articleBloggingChange ManagementEducationLeadershipLeanManufacturingOff TopicProductivitySix Sigma

How Do You Fight A Fire With A Garden Hose?

By Steve Kane Updated on June 19th, 2015

firefighter-752540_640By Steve Kane

Many years ago, I was visiting a friend’s house in Southern California.  It was a 1950’s ranch style house with a straight walkway from the street to the door.  There was a tall palm tree where the walkway met the sidewalk.  On the opposite side of the walkway there was an empty space that suggested something was missing.  My friend, Tim, explained there had been a matching palm tree in that space until the Fourth of July, a couple of years before.

Tim was enjoying the holiday in the backyard with family and friends.  The twin palm trees near the street were tall enough that he could see them over the house.  Fourth of July fireworks shot through sky and landed in one of the palms.  Instantly, the fronds were in flames.

Tim rushed to the front of the house, grabbed the garden hose and stretched it to the street.  He put all the water he could onto the burning tree, but the flames grew.  He wouldn’t give up.  He kept putting more water on the base of the flames.

Let it burn

An off-duty firefighter just happened to be driving up the street and stopped to help.  The firefighter, very authoritatively, told Tim the burning tree was gone.  It was a lost cause.  He explained that Tim needed to put the water on the tree that wasn’t yet burning to keep the fire from spreading.

Tim was able to save the second tree, thanks to the advice of the firefighter.  While he was upset about losing the first tree, the results could have been worse.

Contain the flames

Tim’s story of the burning palm tree comes to mind from time to time when I face a major work problem or crisis.  How often do we think of our work as firefighting?

Suppose there is a major process failure or a huge rush order comes in.  The first thought can be to put all available resources on the crisis to solve the problem.  This very well could be the right thing to do.  It could also be the wrong thing to do.

If there are more than enough resources available to handle both the crisis and the normal activity, there would be no reason to delay fighting the fire.  It get’s a little tricky, though, when resources are limited.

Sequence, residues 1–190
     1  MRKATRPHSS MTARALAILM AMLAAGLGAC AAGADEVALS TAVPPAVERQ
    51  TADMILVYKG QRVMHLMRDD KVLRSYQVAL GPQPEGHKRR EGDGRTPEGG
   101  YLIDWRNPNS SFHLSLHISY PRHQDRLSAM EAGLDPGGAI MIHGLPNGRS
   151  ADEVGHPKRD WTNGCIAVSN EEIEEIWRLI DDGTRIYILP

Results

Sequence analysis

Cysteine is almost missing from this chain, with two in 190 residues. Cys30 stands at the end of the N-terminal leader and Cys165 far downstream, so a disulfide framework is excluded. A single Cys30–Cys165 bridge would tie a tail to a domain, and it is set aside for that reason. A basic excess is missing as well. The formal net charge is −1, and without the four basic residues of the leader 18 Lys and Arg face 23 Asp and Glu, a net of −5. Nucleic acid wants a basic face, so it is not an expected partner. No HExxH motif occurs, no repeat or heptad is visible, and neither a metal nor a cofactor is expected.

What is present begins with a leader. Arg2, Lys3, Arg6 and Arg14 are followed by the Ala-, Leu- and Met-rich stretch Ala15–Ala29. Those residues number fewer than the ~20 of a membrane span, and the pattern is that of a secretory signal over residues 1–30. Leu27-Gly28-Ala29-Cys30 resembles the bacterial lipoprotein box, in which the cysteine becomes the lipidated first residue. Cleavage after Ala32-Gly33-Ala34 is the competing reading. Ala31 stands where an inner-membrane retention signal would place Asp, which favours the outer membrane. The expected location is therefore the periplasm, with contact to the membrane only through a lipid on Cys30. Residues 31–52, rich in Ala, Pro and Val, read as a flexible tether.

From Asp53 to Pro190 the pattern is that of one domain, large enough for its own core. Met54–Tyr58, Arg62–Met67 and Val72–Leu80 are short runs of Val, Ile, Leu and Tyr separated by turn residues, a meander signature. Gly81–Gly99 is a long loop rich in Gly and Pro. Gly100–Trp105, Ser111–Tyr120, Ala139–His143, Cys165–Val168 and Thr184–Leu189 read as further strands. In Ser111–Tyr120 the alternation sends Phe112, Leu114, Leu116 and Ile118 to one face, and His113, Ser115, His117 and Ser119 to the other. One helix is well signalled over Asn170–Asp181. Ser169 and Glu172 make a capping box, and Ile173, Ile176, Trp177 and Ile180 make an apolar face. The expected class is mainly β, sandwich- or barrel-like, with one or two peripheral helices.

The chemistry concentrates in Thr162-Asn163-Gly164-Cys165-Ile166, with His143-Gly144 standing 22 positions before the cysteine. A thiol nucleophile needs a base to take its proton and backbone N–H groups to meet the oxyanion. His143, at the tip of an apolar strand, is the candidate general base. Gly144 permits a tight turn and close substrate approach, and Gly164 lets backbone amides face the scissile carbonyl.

Fighting the fire with limited resources (like a garden hose instead of a fire hose) could do little more than allow the fire to spread.  Using your limited resources to protect the surrounding area might be the best course of action.

Minimize the damage

Taking resources off of properly functioning production lines to deal with a process failure on another line could result in defects or low productivity in both areas.  Likewise, taking resources off of on-time orders to rush something else through the process could mean disappointing multiple customers instead of just one.

Putting all of your water at the base of the flames might not be the best thing to do first.  Contain the fire first, then work to put it out.

  1. Rob Thompson

    June 22, 2015 - 7:06 am

    In a crisis people tend to give it all they’ve got and go above and beyond their normal job roles. Firefighting creates can-do heroes. Heroes are often recognised and rewarded for their extraordinary efforts. This reinforces the behaviour. Everyone wants to be singled out as a hero. The bigger the panic, the more we give praise.

    Preventing a problem from happening by following systematic problem solving isn’t exciting. Stopping a crisis from occurring is often invisible. Employees are the greatest problem-solving tool. Recognise people who practice prevention day in and day out. Celebrate the team who implements a triage to control the queue of issues by regulating entry. By doing this instead of letting problems build up this team will decide how much resource and time to commit to the concern when it first arises. Admire them as this isn’t easy. It demands that they say, “This problem isn’t critical, so we are not going to address it immediately”.

    Of course there will always be the need for fire-fighting. But fire-fighting isn’t a sustainable way to profitably grow a company. A culture of long-term preventive problem-solving is.

Have something to say?

Leave your comment and let's talk!

Start your Lean & Six Sigma training today.